First fast radio burst detected in Milky Way

Astronomers using both space- and ground-based telescopes have detected for the first time a fast radio burst occurring inside the Milky Way, finding that it came from a magnetar, a pulsar with an extremely powerful magnetic field.

The radio component was discovered by the Canadian Hydrogen Intensity Mapping Experiment (CHIME), a radio telescope located at Dominion Radio Astrophysical Observatory in British Columbia and led by McGill University in Montreal, the University of British Columbia, and the University of Toronto.

A NASA-funded project called Survey for Transient Astronomical Radio Emission 2 (STARE2) also detected the radio burst seen by CHIME. Consisting of a trio of detectors in California and Utah and operated by Caltech and NASA’s Jet Propulsion Laboratory in Southern California, STARE 2 is led by Bochenek, Shri Kulkarni at Caltech, and Konstantin Belov at JPL. They determined the burst’s energy was comparable to FRBs.

By the time these bursts occurred, astronomers had already been monitoring their source for more than half a day.

Late on April 27, NASA’s Neil Gehrels Swift Observatory spotted a new round of activity from a magnetar called SGR 1935+2154 (SGR 1935 for short) located in the constellation Vulpecula. It was the object’s most prolific flare-up yet – a storm of rapid-fire X-ray bursts, each lasting less than a second. The storm, which raged for hours, was picked up at various times by Swift, NASA’s Fermi Gamma-ray Space Telescope, and NASA’s Neutron star Interior Composition Explorer (NICER), an X-ray telescope mounted on the International Space Station.

Later observations detected X-rays from the same source. While this does not prove that all fast radio bursts come from magnetars, it does prove that at least some do.

A fast radio burst that beats every sixteen days

Astronomers have now added to the mystery of fast radio bursts (FRBs), of which about a hundred are known, by discovering one in a nearby galaxy that has a regular outburst every 16.35 days.

Earlier this year CHIME worked with astronomers in Europe to pinpoint the origin of a particular FRB emission — called FRB 180916.J0158+65 — to a galaxy located 500 million light years from Earth.

Now CHIME has determined that FRB 180916 pulses at predictable intervals more than two weeks apart. “It tells us that the origin of at least some FRBs is astrophysically regular in nature, but on long enough time scales that they may be tied to something different than a rotating, compact object — perhaps something like an orbiting system,” said Newburgh, whose lab builds instrumentation for collecting data about the history of the cosmos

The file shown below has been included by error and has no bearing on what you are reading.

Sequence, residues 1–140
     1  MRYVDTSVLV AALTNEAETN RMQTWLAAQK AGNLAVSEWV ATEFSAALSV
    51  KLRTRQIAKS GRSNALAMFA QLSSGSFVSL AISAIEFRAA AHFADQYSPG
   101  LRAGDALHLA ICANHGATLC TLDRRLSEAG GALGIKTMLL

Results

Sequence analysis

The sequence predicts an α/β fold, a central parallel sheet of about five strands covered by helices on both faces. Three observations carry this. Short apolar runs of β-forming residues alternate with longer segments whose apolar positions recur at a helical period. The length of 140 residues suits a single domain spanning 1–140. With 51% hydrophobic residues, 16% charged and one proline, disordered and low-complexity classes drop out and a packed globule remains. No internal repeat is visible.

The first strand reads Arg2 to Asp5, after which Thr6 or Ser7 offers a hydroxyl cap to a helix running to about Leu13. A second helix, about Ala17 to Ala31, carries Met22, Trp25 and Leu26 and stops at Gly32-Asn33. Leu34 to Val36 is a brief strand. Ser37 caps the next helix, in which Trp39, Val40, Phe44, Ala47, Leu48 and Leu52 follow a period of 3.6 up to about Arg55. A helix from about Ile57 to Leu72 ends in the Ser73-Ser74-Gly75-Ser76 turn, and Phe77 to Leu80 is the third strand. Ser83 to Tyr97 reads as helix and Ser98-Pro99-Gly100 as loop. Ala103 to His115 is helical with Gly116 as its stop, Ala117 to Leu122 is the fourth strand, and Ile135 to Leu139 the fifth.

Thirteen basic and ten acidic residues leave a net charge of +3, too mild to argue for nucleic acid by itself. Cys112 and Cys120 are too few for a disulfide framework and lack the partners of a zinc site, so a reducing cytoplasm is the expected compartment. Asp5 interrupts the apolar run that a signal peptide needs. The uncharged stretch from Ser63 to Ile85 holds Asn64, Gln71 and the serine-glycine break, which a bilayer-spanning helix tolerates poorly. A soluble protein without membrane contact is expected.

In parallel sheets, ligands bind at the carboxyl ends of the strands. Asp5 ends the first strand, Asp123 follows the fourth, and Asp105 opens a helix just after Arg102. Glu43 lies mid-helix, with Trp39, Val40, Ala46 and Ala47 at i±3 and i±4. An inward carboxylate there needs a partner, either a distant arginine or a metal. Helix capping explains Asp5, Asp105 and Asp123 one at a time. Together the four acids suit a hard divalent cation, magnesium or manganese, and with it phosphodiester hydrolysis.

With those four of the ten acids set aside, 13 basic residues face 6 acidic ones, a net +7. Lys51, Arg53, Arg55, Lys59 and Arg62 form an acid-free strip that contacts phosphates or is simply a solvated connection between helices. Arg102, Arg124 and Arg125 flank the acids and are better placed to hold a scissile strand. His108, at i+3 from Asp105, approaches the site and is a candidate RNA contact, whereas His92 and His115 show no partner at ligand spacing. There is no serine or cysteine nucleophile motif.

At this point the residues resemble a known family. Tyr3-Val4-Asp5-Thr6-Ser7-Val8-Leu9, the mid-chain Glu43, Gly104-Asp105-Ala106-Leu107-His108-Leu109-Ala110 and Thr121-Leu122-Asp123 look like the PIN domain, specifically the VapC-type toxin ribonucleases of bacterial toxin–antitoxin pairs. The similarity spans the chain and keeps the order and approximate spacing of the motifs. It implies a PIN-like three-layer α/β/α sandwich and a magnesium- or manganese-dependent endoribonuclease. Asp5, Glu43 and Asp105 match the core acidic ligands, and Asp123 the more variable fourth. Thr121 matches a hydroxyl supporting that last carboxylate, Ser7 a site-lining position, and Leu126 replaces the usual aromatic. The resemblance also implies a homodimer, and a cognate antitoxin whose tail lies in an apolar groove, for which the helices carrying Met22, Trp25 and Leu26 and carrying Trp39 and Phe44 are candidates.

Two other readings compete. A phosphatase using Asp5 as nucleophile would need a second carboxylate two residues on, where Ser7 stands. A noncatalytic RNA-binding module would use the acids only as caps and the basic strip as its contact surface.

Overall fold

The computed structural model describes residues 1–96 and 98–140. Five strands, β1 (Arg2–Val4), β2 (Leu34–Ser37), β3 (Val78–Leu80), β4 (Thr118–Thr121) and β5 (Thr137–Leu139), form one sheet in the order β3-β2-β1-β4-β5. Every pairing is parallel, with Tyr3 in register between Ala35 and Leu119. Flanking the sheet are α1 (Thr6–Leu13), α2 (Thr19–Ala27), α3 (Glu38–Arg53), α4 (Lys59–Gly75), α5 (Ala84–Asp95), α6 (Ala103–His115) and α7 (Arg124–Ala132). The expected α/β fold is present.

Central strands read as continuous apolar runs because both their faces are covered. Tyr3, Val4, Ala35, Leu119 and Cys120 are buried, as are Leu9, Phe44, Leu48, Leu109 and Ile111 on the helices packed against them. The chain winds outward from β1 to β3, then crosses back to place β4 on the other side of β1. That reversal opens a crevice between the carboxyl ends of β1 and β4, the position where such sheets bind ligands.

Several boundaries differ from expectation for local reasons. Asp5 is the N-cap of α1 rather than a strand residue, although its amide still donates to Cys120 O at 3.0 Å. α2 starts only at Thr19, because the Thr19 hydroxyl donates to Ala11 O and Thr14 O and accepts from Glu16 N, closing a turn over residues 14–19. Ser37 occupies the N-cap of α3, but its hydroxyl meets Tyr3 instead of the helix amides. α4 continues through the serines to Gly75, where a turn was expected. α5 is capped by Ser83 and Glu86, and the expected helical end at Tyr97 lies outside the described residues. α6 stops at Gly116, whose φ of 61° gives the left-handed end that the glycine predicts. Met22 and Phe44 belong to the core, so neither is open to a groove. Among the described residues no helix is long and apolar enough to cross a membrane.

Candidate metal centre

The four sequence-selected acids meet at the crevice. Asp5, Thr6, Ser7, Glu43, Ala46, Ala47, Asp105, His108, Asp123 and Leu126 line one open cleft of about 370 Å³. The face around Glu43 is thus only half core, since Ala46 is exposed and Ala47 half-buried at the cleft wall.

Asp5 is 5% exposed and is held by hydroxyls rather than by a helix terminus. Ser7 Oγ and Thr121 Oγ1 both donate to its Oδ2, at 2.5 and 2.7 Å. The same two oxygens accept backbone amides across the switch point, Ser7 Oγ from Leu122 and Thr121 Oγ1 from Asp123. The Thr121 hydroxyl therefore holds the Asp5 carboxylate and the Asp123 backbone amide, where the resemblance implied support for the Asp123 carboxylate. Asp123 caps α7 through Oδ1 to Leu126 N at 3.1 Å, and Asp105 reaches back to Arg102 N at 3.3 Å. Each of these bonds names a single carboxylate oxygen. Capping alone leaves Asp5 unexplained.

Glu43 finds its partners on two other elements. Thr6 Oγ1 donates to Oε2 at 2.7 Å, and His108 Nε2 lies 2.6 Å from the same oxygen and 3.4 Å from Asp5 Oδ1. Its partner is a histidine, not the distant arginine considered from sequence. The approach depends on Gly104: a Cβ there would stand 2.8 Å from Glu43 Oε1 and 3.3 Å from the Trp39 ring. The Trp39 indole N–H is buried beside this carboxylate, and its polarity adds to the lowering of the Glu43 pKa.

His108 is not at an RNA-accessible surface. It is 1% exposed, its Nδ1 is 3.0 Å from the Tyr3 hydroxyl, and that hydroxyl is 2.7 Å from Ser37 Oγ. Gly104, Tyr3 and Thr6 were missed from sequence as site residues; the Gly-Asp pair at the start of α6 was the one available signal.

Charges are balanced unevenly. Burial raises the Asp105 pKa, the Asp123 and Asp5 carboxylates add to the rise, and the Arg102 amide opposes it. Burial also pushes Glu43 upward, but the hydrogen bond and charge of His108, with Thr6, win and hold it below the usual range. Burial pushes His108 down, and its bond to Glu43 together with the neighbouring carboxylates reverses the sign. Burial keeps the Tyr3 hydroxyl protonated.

Or to put it another way, they really haven’t any idea yet what exactly causes these bursts. The new data however will help formulate better theories, that I guarantee will be contradicted by subsequent new data. At the moment there is so little known about FRBs that any theory must be looked at with great skepticism.

New radio telescope discovers many new Fast Radio Bursts

A new radio telescope in Canada, designed to detect the mysterious and as-yet unexplained Fast Radio Bursts (FRB), has in the past year raised the total of known FRBs from 30 to 700, including nine repeating bursts.

This confirms an earlier very preliminary analysis that there were two different types of bursts, those that repeat and those that don’t.

Warning: It is very dangerous to take these results too seriously. A lot of uncertainty exists, including some basic facts about the bursts.

Astronomers identify for the first time the source of a fast radio burst

For the first time astronomers have pinned down the location of a fast radio burst (FRBs), short bursts lasting only seconds that were only discovered about a decade ago.

A dim dwarf galaxy 2.5 billion light years from Earth is sending out the mysterious millisecond-long blasts of radio waves, researchers report Wednesday in Nature and Astrophysical Journal Letters. The bursts traverse vast expanses of time and intergalactic space before reaching our planet. “This really is the first ironclad association of a fast radio burst with another astronomical source, so it’s a pretty huge result,” said Duncan Lorimer, an astronomer at West Virginia University who reported the first detection of a fast radio burst (FRB) in 2007.

The uncertainty of science: Only 18 FRBs have been identified since they were first discovered. Until now, it was unclear whether they occurred in our galaxy or beyond, though it was suspected they were coming from other galaxies. This discovery proves that. What remains unknown is what causes the burst, which signals an energy pulse equivalent to that of 500 million suns.

“I am not exaggerating when I say there are more models for what FRBs could be than there are FRBs,” said Cornell astronomer Shami Chatterjee, the lead author of the new Nature paper. Many scientists think the bursts are emitted by distant neutron stars, the super-dense embers of exploded suns. But some believe they must originate in our own galaxy. Still more suggest that FRBs could be caused by cataclysms like a supernova or a collision of two stars. This last theory was compelling because most FRB detections were one-off events — astronomers never spotted more than one flare from a single source.

Today’s announcement was made possible by the fact that the burst itself is repeating. In fact, it is the only FRB so far known to do so, which also means that what they learn about it might not be applicable to the other bursts.